MNDOT Working to Use Less Salt When De-Icing During and After Snowstorms
DULUTH, MN – Last winter, the Minnesota Department of Transportation spent nearly 15 million dollars on over 375 million pounds of salt to clear roadways during and after a snowstorm.
Inevitably, salt ends up in the environment having a negative impact on native plants and wildlife.
High salt concentrations in lakes and streams can be toxic to fish and it only takes 1 teaspoon of salt to pollute 5 gallons of water. On land, too much salt in the soil can reduce its ability to retain moisture resulting in stunted tree growth and dead vegetation.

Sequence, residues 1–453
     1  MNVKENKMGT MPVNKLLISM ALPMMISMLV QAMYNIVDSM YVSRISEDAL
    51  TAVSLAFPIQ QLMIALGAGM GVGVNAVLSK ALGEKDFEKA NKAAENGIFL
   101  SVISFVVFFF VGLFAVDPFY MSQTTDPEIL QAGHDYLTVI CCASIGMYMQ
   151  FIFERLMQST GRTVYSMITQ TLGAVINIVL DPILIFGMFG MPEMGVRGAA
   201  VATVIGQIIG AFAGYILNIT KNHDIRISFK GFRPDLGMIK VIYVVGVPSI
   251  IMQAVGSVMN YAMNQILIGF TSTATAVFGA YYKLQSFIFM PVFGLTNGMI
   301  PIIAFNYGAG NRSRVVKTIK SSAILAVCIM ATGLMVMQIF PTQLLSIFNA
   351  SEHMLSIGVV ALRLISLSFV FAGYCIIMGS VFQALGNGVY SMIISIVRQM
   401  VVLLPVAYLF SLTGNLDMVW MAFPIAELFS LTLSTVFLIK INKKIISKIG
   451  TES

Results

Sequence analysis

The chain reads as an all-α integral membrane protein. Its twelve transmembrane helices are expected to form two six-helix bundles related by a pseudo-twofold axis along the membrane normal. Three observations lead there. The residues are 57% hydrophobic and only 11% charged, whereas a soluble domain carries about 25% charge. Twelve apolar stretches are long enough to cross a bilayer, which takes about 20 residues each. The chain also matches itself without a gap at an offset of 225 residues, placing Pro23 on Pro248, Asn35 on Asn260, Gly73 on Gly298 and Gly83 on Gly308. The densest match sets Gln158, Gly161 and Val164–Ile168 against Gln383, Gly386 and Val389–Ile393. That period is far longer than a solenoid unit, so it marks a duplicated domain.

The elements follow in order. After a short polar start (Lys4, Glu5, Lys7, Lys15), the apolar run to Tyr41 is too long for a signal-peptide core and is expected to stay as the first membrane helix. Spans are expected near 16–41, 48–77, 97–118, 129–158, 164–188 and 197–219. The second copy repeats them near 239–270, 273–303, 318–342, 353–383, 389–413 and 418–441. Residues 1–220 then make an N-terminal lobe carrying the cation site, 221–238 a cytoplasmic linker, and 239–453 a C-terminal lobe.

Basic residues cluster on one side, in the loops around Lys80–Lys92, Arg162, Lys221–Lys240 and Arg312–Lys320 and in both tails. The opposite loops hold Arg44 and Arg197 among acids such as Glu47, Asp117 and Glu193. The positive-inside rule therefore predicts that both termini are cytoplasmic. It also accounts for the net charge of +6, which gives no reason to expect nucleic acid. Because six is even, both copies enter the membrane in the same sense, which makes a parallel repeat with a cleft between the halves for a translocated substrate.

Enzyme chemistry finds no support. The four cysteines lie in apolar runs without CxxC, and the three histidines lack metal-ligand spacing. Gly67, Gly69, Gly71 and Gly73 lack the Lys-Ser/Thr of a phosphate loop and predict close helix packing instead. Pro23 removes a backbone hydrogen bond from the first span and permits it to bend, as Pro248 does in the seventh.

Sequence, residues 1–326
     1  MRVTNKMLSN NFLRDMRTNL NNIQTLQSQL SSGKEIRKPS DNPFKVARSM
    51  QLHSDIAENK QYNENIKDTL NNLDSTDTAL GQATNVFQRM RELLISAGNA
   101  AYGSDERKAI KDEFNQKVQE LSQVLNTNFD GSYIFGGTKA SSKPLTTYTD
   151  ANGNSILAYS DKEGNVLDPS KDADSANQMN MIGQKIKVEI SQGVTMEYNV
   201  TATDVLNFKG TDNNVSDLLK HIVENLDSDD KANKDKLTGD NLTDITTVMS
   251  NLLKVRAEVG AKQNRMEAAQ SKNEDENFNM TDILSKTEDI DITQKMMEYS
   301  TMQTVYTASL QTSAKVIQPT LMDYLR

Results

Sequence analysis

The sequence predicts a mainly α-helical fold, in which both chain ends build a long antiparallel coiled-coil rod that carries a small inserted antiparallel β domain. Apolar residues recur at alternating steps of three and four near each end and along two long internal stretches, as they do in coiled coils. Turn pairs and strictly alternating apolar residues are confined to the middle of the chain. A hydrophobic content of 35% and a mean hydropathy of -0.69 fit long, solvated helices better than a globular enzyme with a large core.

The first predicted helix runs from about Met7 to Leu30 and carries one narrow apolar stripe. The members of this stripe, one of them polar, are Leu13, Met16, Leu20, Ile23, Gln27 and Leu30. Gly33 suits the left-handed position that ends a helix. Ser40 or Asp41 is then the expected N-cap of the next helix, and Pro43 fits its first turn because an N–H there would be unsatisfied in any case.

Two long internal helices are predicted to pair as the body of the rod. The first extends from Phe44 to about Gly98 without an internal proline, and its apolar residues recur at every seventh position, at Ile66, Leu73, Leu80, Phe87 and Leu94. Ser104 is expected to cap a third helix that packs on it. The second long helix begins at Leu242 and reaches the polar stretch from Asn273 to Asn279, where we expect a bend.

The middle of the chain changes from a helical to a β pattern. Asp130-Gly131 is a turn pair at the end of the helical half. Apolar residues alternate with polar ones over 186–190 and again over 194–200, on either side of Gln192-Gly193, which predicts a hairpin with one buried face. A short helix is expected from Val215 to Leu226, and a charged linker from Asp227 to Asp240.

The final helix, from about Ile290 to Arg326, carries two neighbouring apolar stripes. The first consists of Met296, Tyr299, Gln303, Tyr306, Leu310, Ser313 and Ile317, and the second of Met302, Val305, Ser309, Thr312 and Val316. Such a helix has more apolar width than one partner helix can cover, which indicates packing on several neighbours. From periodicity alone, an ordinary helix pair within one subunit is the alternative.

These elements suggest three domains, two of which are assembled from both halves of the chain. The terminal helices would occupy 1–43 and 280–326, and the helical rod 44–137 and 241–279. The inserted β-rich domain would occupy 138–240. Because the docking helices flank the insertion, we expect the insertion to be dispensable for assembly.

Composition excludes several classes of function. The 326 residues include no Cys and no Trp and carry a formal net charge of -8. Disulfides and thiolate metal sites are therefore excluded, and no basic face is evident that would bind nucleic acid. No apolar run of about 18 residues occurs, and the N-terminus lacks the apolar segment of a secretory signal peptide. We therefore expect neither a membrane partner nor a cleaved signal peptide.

Recently, MNDOT has been testing ways to improve road conditions while using less salt to reduce the environmental impact of de-icing during the winter. Their tests show that when they use rock salt mixed in with a brine, compared to just the solid rock salt, the road cleared faster and used 31% less total salt.
Last year, MNDOT used 41 gallons of liquid per ton of solid salt applied. In their efforts to continue to lessen their impact on the environment, they hope to increase that ratio to 200 gallons of liquid per ton of salt by 2027.